Shortly thereafter I discovered that there were some things that John hadn't told me. For example, he had not mentioned that the move into the State University system contained a mandated conversion from the Semester System (which we had followed since time immemorial) to the Quarter System favored by Ohio State University. This required us to rebuild all of our programs, doing 1.5 times as much in 2/3 the time and (if you aren't careful) getting 2/3 as much funding for doing it. The institution was paralyzed for years, but we were consoled by the fact that, once the task was completed, we would never need to do it again. After 35 years on the job you learn that "never" isn't nearly as long a time as you thought it was.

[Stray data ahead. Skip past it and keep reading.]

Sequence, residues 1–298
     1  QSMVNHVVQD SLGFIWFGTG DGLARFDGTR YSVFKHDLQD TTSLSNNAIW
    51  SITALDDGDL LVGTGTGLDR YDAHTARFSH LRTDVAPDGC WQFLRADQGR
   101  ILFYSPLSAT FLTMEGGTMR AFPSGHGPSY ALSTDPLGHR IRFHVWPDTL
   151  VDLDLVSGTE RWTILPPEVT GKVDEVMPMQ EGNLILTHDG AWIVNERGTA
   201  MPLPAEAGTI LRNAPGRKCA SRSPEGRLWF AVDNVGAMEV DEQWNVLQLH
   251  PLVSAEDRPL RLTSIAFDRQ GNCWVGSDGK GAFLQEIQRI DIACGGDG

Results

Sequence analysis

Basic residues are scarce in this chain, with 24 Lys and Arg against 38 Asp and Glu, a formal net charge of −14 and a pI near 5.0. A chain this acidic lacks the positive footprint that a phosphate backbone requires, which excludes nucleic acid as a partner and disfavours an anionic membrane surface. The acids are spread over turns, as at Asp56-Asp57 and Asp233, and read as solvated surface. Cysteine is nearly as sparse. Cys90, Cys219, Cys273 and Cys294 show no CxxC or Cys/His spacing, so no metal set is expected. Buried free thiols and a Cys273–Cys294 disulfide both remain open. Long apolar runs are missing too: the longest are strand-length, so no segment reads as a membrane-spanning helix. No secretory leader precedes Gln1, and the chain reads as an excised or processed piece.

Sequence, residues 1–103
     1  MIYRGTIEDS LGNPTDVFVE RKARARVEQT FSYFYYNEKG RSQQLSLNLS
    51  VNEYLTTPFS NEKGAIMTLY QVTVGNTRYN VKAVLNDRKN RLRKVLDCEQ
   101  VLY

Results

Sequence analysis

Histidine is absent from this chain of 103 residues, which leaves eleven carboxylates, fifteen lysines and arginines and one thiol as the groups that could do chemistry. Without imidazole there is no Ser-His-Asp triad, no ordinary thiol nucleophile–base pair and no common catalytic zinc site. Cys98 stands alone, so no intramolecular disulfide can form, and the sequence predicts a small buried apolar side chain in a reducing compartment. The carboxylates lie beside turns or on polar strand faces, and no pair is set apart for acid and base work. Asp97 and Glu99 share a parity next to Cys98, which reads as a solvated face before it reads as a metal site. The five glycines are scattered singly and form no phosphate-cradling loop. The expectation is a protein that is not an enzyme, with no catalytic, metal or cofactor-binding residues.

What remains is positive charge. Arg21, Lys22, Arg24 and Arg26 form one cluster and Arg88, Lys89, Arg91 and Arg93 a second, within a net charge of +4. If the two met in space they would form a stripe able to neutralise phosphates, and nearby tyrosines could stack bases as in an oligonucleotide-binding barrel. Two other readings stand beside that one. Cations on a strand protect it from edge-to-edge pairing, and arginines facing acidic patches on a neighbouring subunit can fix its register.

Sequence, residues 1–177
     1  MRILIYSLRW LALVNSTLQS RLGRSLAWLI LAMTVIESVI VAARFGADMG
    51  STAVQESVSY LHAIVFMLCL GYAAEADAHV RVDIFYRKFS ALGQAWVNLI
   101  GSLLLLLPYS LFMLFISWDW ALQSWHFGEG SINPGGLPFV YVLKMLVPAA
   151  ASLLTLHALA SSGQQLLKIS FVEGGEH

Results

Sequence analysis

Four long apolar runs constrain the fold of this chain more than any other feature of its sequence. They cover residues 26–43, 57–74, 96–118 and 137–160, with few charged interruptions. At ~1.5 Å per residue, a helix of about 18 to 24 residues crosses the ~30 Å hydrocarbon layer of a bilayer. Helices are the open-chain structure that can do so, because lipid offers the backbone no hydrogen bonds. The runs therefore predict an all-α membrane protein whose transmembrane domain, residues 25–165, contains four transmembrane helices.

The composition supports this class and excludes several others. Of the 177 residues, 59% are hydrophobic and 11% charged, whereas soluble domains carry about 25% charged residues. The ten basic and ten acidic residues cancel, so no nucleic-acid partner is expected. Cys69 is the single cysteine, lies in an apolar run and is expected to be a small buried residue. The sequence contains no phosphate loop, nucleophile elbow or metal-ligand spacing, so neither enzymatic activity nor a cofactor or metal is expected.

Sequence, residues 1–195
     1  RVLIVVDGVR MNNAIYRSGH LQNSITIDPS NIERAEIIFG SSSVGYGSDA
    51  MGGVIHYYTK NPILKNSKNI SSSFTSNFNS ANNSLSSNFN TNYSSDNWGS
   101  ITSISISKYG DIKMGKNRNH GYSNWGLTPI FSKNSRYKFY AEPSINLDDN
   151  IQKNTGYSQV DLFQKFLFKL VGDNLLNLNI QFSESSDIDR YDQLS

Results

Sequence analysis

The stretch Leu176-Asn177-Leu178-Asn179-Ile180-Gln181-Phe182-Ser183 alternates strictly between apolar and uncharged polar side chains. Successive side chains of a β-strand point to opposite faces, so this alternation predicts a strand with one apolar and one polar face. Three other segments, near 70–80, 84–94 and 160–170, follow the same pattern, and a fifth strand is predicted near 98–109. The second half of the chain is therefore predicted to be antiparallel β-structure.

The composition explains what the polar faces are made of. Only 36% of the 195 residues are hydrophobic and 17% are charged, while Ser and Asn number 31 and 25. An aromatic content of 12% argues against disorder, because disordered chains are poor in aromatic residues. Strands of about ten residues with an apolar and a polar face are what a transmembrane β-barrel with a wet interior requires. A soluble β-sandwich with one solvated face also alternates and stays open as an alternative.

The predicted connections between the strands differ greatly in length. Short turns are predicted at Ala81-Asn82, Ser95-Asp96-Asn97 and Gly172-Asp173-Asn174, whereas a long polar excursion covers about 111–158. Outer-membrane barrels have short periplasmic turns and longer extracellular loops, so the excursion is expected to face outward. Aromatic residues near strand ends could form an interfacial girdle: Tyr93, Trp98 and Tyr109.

Thus I began as an Assistant Professor, with a well-defined plan based on a 1950's mentality. After 2 months on job, you all know what happened. President John F. Kennedy was assassinated and everything changed. We were propelled headlong from the idealistic 50's into the cynical 60's. Historians have pointed out that, at least in this country, every century has its 60's. The 1760's created the conditions that spawned the American Revolution. The 1860's brought the Civil War. The 1960's brought - I'm not quite sure. Paul McCartney has said "If you can remember the 60's then you weren't there!" The UT campus was like many other universities. We had sit-ins, stand-ins, teach-ins, and love-ins. In the Physics Department some of our courses turned into heated discussions of politics - others moved outdoors and became a frolic on the lawn. However these times did cause us to rethink what is important and what is not. In my case, I concluded that it was time to stop looking for greener pastures, and to notice the wonderful opportunities I had right here. If I took this as a temporary job, how did I wind up staying 35 years? The answer is that I couldn't have found another place that would give me the opportunities that I've been given here. John Turin told me that I could use Toledo as a home base to do whatever I wanted. He was right.